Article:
easy as at other times. Let no one, then, be alarmed at an uncommon dream. It is probably nothing more than a symptom of a trifling bodily disorder; and, if so, it has nothing more to do with futurity, nor is one whit more supernatural, than a cut finger, or a pang of the tooth-ach.
“Concerning the opinion, which some have entertained, of our dreams being suggested by invisible beings, I shall only say, that I think it very improbable. For, first, I see no reason for believing that the Deity would employmillions of spiritual creatures' in such an office as that of suggesting our ordinary dreams. Secondly, I cannot conceive how those creatures should be affected, in such an operation, by the external air, or by the state of our health, which are known to have great influence on our thoughts, both in sleep and when we are awake. And, thirdly, from what we know of the rapidity of our fancy when awake, we need not suppose any foreign impulse necessary to produce the various appearances of dreaming ; as the soul seems to possess in herself
purpose. Madness, melancholy, and many other diseases, give an extravagance to the thoughts of waking men, equal, or even superior, to what happens in sleep. If the
of unseen beings is not supposed to produce the first, why should we have recourse to it in order to account for the last? But it is urged that, in sleep, the soul is passive, and is haunted by visions, which she would gladly get rid of if she could. And it may be urged in answer, for it is no less true, that persons afflicted with anxiety and melancholy, too often find, to their sad experience, that their soul is almost equally passive when they are awake; for that they are, even then, haunted with the most tormenting thoughts, from which all their powers of reason, all the exertions of their will, and all the exhortations of their friends, cannot effectually relieve them.
“To conclude: Providence certainly superintends the affairs of men; and often, we know not how often, interposes for our preservation. It would, therefore, be presumptuous to affirm, that supernatural cautions, in regard to futurity, are never communicated in dreams. The design of these remarks is not to contradict any authentic experience, or historical fact, but only to show that dreams may proceed from a variety of causes that have nothing supernatural in them; and that, though we are not much acquainted with the nature of this wonderful mode of perception, we know enough of it to see that it is not useless or superfluous, but may, on the contrary, answer some purposes of great importance to our welfare both in soul and body.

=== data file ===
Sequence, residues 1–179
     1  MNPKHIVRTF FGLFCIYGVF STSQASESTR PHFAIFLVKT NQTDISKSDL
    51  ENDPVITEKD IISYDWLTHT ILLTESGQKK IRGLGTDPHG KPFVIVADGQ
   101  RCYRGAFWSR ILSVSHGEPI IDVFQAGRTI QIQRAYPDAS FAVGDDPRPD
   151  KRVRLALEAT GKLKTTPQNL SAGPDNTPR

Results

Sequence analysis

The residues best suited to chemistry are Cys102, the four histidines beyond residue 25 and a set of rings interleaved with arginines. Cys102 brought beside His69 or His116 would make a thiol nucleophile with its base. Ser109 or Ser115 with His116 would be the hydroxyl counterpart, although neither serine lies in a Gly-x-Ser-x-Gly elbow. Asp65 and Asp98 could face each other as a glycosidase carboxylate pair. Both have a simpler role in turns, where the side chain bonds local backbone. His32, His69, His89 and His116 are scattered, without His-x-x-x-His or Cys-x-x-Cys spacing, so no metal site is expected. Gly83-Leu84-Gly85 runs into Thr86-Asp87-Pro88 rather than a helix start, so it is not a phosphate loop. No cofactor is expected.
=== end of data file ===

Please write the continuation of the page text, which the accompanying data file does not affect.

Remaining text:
“ I am yours, &c.
No. 75. TUESDAY, JANUARY 25, 1780.
TO THE AUTHOR OF THE MIRROR.
SIR, “ I REMARK that you meddle not with the high matters of politics. For this you must answer to yourself, being that you are able to write printed papers. I am a member of eighty-five societies, all zealous for the liberty of the press, in consistency with, and in conformity to, our establishment; and so I think that you are at liberty to write of those things only whereof you have understanding; and if so be that, by reason of your silence, you abuse, or, as one may say, vilipend the liberty of the press, judge you yourself; as for me, I say nothing.
But, although you give us no news yourself, perhaps you have something to say with the gentlemen who make the news; and if so, I hope that you will recommend it to them so to write, as that they may be understood of men who are not booklearned.
“ They, being book-learned gentlemen, write in divers tongues, whereby we poor simple men are at a loss, and Europe may be overthrown by compacts and associations, or ever we can understand the danger.
“ Not many days ago, I read in the news, that some good men put up an advertisement on a sta